Kenya massacre: AP policy to bury lede?

Day after day, your GetReligionistas receive emails from readers that say something like this: "Please look at the following. Why do you think that (name of mainstream news organization) chose to (leave out or butcher a crucial fact) when covering this story? Is there something (some kind of politically correct policy) that requires them to do this?" In other words, people who have not worked in mainstream newsrooms have a tendency to assume (a) that the patterns they keep seeing are intentional and (b) that biases have actually been molded into written policies that, in effect, have become part of newsroom manuals of style.

Some of these complaints, however, come from readers who have mainstream experience or who remain in mainstream posts (and wish to remain anonymous).

It's hard to know how to answer these readers.

Truth is, there is no need for an explicit policy if almost everyone in a given newsroom is cut from the same cultural cloth on a particular issue. Thus, where some of our readers see conspiracies, your GetReligionistas tend to see a lack of intellectual diversity at work.

But, honestly, can't you understand the frustration of one reader with the following Associated Press report about the latest massacre of churchgoers in Africa?

This time, the bloodshed was in Kenya. Here's the top of the story:

NAIROBI, Kenya (AP) -- Gunmen killed two policemen guarding a church, snatched their rifles and then opened fire on the congregation from inside and out on Sunday, killing 15 people and wounding 40, security officials said.

Two gunmen entered the simple wooden church in the city of Garissa at around 10:15 a.m. Sunday, while two others waited outside, police commander Philip Ndolo said. When the congregation fled the attack inside, they ran straight into another hail of bullets from gunmen outside, he said. At least one grenade was detonated in the attack.

Overturned wooden benches littered the church afterward. A victim wearing a simple blue dress lay on the sandy earth outside. Witnesses reported seeing the four gunmen flee in dark blue outfits and masks. ...

The bloodiest of the two attacks came against the African Inland Church in Garissa, a city some 195 kilometers (120 miles) west of the Somali border. Ndolo said 15 people were killed and at least 40 wounded. A grenade attack against a second church in Garissa wounded three people.

Garissa Mayor Ismail Garat called the church assault "evil."

The reader who sent this in to us made a rather predictable comment: Why not report who did this this bloody deed? How far into the story must one read before that issue is addressed?

Eventually, readers do learn that police authorities told reporters that they wanted to conduct an official investigation before "assigning blame to the group many people in this region assume is at fault: al-Shabab, the most dangerous militant group in Somalia."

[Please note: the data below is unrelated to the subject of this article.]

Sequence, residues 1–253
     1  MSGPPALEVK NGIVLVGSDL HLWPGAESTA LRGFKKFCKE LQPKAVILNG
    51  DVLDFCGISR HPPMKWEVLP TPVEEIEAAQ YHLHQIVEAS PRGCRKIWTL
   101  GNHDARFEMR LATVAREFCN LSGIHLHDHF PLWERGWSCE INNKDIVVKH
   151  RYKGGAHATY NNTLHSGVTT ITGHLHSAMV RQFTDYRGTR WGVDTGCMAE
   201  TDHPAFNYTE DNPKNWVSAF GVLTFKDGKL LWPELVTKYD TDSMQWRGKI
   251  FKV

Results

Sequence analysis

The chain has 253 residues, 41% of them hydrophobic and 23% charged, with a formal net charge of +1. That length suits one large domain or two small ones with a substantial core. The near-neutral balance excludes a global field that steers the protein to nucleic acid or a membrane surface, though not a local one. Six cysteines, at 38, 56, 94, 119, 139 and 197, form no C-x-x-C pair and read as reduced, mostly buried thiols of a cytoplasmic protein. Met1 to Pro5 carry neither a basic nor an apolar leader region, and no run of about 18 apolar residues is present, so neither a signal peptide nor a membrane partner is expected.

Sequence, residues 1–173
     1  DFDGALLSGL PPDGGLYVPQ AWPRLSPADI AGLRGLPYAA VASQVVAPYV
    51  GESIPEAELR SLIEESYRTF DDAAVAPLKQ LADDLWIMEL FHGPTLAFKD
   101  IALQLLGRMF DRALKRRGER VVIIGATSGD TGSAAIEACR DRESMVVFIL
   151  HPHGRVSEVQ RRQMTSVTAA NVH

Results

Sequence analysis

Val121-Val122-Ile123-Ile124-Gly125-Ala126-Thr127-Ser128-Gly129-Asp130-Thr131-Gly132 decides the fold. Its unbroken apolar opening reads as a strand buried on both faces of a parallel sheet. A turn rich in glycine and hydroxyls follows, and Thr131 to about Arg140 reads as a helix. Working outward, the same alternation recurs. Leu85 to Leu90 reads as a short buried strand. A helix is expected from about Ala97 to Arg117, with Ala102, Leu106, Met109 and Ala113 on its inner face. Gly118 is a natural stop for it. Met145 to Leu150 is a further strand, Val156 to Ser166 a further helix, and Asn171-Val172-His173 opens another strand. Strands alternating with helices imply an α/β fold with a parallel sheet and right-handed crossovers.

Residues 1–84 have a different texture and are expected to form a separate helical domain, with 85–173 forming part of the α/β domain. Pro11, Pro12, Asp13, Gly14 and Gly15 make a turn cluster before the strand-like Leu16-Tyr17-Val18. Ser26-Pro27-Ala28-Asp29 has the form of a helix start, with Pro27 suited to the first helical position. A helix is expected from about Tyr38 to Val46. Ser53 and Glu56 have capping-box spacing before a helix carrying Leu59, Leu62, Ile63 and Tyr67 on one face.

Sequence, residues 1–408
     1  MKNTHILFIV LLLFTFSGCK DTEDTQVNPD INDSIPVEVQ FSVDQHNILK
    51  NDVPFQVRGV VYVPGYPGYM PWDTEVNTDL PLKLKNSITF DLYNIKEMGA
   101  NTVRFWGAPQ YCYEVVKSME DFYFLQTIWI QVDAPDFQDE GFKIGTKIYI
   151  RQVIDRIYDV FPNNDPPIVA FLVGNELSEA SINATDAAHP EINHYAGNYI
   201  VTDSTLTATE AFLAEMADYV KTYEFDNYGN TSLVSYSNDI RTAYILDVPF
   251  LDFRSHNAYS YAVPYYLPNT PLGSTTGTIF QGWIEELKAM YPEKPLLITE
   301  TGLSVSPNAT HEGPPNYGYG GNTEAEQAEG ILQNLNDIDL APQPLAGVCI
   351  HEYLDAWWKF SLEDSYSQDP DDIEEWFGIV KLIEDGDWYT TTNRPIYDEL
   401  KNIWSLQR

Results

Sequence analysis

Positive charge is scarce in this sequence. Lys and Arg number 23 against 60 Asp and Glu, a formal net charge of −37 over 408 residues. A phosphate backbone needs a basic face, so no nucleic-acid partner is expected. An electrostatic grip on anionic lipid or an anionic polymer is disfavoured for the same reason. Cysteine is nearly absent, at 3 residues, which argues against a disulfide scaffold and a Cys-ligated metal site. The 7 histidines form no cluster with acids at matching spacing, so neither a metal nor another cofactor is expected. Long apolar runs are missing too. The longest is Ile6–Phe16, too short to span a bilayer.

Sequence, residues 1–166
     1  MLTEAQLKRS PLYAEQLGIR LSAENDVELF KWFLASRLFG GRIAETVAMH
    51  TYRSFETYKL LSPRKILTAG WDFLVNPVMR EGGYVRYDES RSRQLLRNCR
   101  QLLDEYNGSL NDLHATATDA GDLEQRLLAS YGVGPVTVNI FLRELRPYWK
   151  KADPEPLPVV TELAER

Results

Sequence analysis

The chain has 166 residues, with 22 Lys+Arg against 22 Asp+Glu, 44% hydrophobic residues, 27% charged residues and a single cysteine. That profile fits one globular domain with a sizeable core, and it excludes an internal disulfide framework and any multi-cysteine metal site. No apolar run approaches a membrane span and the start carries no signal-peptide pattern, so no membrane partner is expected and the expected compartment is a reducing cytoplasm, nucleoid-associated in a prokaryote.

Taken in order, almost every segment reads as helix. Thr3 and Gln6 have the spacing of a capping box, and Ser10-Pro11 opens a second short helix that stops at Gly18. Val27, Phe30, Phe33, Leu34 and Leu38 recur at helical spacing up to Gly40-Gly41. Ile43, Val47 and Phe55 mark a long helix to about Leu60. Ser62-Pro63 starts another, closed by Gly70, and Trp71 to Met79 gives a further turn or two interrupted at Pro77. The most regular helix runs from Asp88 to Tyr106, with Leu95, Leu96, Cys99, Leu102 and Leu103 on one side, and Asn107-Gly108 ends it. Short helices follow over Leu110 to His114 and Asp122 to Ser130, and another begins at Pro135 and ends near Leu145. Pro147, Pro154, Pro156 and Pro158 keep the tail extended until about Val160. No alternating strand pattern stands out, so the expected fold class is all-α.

Now, curious readers would want to know something about this generic militant group, al-Shabab (or in some coverage, al-Shabaab). For some reason, the AP team decided to place this information in what seems to be the report's final paragraph -- the one most likely to be cut in the average newspaper. When describing the recent history of violence in the area, the story notes:

Kenya sent troops into Somalia last October to hunt al-Shabab fighters. The militants, who are allied with al-Qaida, have threatened repeatedly to carry out revenge attacks for Kenya's push into Somalia. Sunday's attacks appear to be part of that trend.

So, these generic militants are linked to al-Qaida. This would seem to be a rather significant fact. Our reader, in effect, wanted to know if AP now has a policy that requires links to militant Islam to be downplayed in coverage.

I do not know how to answer that question. I would say that burying this link to the world's most infamous Islamist terrorist network seems rather strange.

Apparently, the Washington Post team would agree. Thus, here is the Post lede:

NAIROBI -- Masked gunmen sprayed bullets and hurled grenades at two churches in a northern town in Kenya on Sunday, killing at least 15 people and injuring several, police officials said. It was the latest in a series of attacks in this East African nation suspected of being carried out by al-Qaeda-linked militants from neighboring Somalia or their sympathizers.

The coordinated assaults unfolded in the town of Garissa, a predominantly Muslim enclave about 120 miles from the border that Kenyan forces have used as a base of operations to fight Somalia’s Islamist al-Shabab militia.

That was easy. And how about The New York Times? Here is the top of that report:

NAIROBI, Kenya -- Masked gunmen hurled grenades into two churches in eastern Kenya on Sunday and then sprayed gunfire at fleeing worshipers, killing at least 15 people in one of the worst terrorist attacks Kenya has suffered in years.

When Kenyan forces stormed into Somalia eight months ago, Somalia’s fiercest militant Islamist group, the Shabab, vowed to wreak vengeance, saying it would topple Nairobi’s skyscrapers and kill Kenyan civilians. The skyscrapers are still standing, but militants believed to be connected to the Shabab have carried out more than a dozen attacks in Kenya, scaring off tourists and putting a serious dent in this country’s economy and sense of security.

Whatever happened with the AP report did not happen at the Post and the Times.

So, GetReligion readers (especially anyone out there who studies AP trends closely), do you have any non-conspiracy theories as to what happened in this case? Does anyone sense a coherent style policy at work?

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